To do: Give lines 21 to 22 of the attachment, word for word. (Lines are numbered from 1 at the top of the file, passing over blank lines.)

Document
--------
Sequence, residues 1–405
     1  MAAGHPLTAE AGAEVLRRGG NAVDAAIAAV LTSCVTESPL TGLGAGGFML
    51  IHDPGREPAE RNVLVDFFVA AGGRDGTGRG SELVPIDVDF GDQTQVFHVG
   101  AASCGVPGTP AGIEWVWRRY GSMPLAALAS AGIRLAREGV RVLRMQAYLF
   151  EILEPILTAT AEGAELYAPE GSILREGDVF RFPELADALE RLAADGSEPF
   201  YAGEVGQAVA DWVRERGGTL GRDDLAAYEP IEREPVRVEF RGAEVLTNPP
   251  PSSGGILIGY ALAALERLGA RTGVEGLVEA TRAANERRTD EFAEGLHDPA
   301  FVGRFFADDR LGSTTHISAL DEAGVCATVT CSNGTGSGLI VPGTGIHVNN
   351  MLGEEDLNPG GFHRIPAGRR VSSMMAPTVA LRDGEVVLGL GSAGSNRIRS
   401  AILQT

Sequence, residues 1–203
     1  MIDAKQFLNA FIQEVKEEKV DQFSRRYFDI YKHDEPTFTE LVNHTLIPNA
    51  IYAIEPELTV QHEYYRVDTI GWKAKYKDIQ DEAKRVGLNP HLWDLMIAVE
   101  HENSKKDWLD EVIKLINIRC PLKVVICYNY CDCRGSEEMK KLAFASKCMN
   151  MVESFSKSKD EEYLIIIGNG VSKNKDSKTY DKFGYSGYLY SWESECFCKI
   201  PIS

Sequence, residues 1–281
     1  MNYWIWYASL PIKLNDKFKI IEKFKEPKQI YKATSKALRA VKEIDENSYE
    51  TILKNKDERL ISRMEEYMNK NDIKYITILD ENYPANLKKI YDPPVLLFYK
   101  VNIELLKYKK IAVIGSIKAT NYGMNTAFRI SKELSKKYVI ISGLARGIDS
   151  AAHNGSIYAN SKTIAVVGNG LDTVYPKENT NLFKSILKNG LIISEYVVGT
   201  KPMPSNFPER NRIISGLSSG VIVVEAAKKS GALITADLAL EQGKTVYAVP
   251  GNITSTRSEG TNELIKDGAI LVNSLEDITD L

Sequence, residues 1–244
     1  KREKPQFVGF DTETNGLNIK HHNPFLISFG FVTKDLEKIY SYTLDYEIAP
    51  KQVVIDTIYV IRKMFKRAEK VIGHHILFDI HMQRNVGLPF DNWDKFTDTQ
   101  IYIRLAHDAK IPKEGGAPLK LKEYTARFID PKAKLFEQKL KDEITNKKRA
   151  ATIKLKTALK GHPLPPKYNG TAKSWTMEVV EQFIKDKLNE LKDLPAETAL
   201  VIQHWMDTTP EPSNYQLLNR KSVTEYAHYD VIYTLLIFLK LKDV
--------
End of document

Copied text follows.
   151  AAHNGSIYAN SKTIAVVGNG LDTVYPKENT NLFKSILKNG LIISEYVVGT
   201  KPMPSNFPER NRIISGLSSG VIVVEAAKKS GALITADLAL EQGKTVYAVP